According to the action plan approved by the Decree No. NK-96-A of June 30, 2012 “On approving the 2012-2016 RA Legal-Judicial Reform Strategy and Action Plan”, the probation service was planned to be established within the RA Ministry of Justice, as a separate body independent of the penitentiary service.

This institutional status of the service was later confirmed by the Law on Probation adopted in 2016 and the internal charter of the service adopted in 2018[37].

In other words, the service was established as an independent body within the executive body. Such an arrangement is accepted in a number of countries and is distinguished by functional diversity.

The institutional set-up of probation varies in different countries. In a number of countries, such as Moldova[38], Romania[39], Finland[40], Denmark[41] and England[42], etc., the service is part of the executive, being either part of the justice system or another body.

There are countries where probation operates within the prison system. The best example of this is France[43]. The main feature is that in some stages of criminal justice, such as the pre-trial stage, the functions of probation are limited. There are also systems where the service is delegated to the private sector but operates with funding and oversight by the Ministry of Justice. Such a practice exists in the Netherlands[44].

Despite the differences in operating systems, the probation service is ultimately evaluated on the basis of the extent to which it effectively works to solve the tasks and objectives set. In this respect, acting as an independent body within the RA Ministry of Justice is an acceptable approach, but the guarantees of real functional independence, as well as the issues of supervision and funding, which play a significant role in ensuring efficiency, must be taken into account.

Funding for the Probation Service

One of the preconditions for the effective operation of probation is the existence of financial guarantees for the service, which must first of all have a clear legal basis.

A review of the legislation, however, shows once againvthat the regulations are flawed in this regard.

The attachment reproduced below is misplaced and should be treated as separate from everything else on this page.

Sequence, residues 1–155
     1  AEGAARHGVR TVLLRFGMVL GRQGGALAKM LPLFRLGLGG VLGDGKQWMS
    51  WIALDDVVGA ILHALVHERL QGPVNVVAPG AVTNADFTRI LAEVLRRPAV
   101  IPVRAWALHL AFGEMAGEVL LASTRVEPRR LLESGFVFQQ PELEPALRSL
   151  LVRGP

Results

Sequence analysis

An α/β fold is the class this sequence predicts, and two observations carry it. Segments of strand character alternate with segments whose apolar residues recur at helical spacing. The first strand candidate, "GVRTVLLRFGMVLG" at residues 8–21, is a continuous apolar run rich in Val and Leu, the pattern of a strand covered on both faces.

Thus, Article 53(3) of the Law stipulates that the Probation Service is financed from the state budget, as well as from other means not prohibited by the legislation of the Republic of Armenia.

There are no specific regulations on how the budget and the annual expenditure application are prepared, to whom they should be submitted, nor how they are approved.

According to the data available from the interactive budget of the RA Government for 2020, only 3,220,000 AMD[45], was allocated that year to improve the technical equipment of the Probation Service, moreover, it was under the heading of detention centers. Taking into account the number of offices of the service – Yerevan, regional and specialized – one can state that such a budget allocation is not sufficient to secure the technical equipment of the whole service, leading to practical problems.

Moreover, as the practical study shows, the financial application for the service’s expenses is submitted by the RA Ministry of Justice; the Probation Service does not have an independent function in this process.

A study of the experience of individual countries shows that in countries where the service is part of the executive, funding is provided through the Ministry of Justice[46]. There are countries – for example Bulgaria and Romania – where the budget for the service is separated from the prison system budget.

Despite the differences in existing systems and mechanisms, in each case it is necessary to establish sufficient legal arrangements for financing the service, to ensure the availability of reasonable allocations, and the service’s participation in decision-making.

Summary: main issues and challenges

Examination of the existing main and ancillary regulations of the current Probation Service enables identification, at the level of law, of the existing guarantees, main shortcomings and risks to the effective operation of the service.

In particular, first the concept of probation and later the Law was developed and adopted as an effective solution to the problems in the field, namely as a means of decreasing instances where the courts imposed unnecessary sentences of imprisonment or chose detention as a precautionary measure, as well as reducing overcrowding in penitentiaries. With the exception of the latter, these aims are in line with the acknowledged standards, purpose and role of probation. However, as later provisions show, there are still legislative gaps which could hamper the effective operation of the service.

Despite the fact that the law enables probation to be applied at all stages of criminal justice, in effect envisaging broad functions, these powers have not yet been implemented due to the lack of systemic and comprehensive legislation. For example, alternative precautionary measures are not applied due to gaps in the current criminal procedure legislation. The same concern applies to the application of security measures assigned to the Probation Service under the Law, as the current Criminal Code does not provide for such arrangements.

The study also raises some concerns about the regulation of the role of the Probation Service in the processes of conditional suspended sentences and parole. This in particular concerns the preparation and submission of reports, which should play a significant role in the process; this task is mandated by law to all employees, without specified criteria or requirements.